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Book Review: Tiny Beautiful Things

Jenna Luxon reviews this New York Times bestselling collection of letters to agony aunt 'Dear Sugar'.

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The first article I can remember ever regularly reading in a
newspaper was an advice column. I don’t remember exactly how old I was, but I’d
imagine around the age of twelve. To be specific, it was Graham Norton’s ‘Agony
Uncle’ advice column published weekly in the weekend section of the Telegraph, which my Mum would always buy on a Saturday. Reading what the national treasure
that is Norton had to say about the nation’s problem each week was a staple
part of my weekend as much as swimming lessons and watching daytime telly.

As slightly sick or twisted as it may seem, there is something
undeniably comforting about reading the struggles of others. From minor inconveniences
to life altering experiences, realising that out there someone has felt
something similar to you just seems to help us humans in times of crisis.

It was perhaps because of these many years reading advice
columns as a young teen, that I was originally drawn to Cheryl Strayed’s New York Times bestseller Tiny Beautiful Things. Between 2010 and 2012 Strayed anonymously wrote an advice column for online literary magazine Rumpus,
under the pen name ‘Sugar’. After leaving her role in 2012 and revealing her
identity, Tiny Beautiful Things was published collating a selection of the
letters and responses given by Strayed during her time writing the ‘Dear Sugar’
column.

When publishing an advice column, I think there are two
major risks you run. The first being that the letters you publish revolve around what
we can term ‘non-problems’. That although the issues written about may be of
great significance to the individual, they don’t represent something many
readers would be able to relate to. They are trivial or petty, they come from
people who are looking to rant more that require advice. The second is that the
advice given is what we shall in turn call ‘non advice’. Advice that isn’t really
advice at all, but instead perhaps offers some compassion but with no practical suggestion
of what the person should actually do.

Tiny Beautiful Things is excellent for many reasons, but if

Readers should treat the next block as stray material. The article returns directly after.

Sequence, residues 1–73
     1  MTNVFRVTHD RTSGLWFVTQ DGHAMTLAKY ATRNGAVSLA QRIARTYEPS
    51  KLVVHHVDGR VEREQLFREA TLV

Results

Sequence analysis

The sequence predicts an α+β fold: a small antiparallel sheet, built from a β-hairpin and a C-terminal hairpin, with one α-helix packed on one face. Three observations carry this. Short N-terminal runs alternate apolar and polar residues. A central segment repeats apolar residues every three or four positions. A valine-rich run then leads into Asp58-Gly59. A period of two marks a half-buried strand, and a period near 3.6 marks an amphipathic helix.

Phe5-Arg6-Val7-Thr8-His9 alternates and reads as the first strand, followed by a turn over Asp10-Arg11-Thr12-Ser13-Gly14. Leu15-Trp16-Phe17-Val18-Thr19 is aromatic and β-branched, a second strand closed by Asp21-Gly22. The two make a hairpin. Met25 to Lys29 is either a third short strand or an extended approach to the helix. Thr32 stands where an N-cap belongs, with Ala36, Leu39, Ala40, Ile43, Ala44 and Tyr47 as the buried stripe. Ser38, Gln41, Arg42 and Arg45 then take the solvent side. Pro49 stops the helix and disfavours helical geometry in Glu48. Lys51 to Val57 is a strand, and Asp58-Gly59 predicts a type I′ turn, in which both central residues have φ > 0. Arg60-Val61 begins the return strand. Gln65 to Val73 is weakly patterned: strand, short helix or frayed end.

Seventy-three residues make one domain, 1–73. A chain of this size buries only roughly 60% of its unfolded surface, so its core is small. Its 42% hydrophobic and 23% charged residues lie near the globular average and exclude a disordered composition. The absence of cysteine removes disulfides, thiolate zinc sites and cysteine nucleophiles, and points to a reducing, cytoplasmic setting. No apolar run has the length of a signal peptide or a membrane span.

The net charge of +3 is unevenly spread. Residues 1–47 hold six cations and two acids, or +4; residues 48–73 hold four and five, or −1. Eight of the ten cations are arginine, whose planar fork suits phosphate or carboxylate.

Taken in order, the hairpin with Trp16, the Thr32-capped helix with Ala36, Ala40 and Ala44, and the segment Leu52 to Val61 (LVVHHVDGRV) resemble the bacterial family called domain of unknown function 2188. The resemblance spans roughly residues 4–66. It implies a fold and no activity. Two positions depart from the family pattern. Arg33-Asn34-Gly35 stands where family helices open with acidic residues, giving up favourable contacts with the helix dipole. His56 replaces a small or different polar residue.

I had to break it down, I would say it is because of how it successfully avoids
these two potential risks without fail. The letters Strayed responds to contain
real, heart wrenching, and most importantly relatable stories from people truly
wanting help.

And alongside this, Strayed’s responses are equally heartfelt.
Often drawing on her own life experiences to illustrate her arguments, Strayed
is blunt when she needs to be blunt and kind when she needs to be kind. She is
not afraid to tell someone they are in the wrong or tell them to simply get over themselves. In
a nutshell, ‘Sugar’ gives the sort of advice I wish I could be given in difficult
times and also the advice I wish I could give to others.

This book is perfect both for when you’ve got a million
things you could write a letter to Sugar about and for when you haven’t a care
in the world. This is the book to slide across the table to a friend who’s out
of luck but also the book to read when things are sunny. Covering topics
ranging from relationships to unemployment, addiction to abuse, this is
certainly a hard-hitting read but somehow manages not to be disheartening.  Something about the very essence of what an advice column is -someone putting their trust in a complete stranger, is uplifting.

While there’s a lot to stress us out in life and a lot to
cause us pain, what I took from this book is not how much suffering there is
but rather how people get through that pain. It reminded me of the fundamentals,
those lessons taught in pre-school that are too often forgotten as we grow up
and become consumed by the tricky business of adult life. It’s being kind, it’s
looking after each other, it’s trying your best and knowing that’s good enough.

In his introduction to Tiny Beautiful Things, Steve Almond who
was Strayed’s predecessor at Rumpus, writes that this book ‘does the essential
work of literary art: it makes us more human than we were before’. I underlined
that sentence the first time I read it and now coming back to it having finished
this book I can say that I wholeheartedly agree. I like to think that reading
this book at the very least made me a little more compassionate and I like to
think that compassion is indeed a defining feature of being human.

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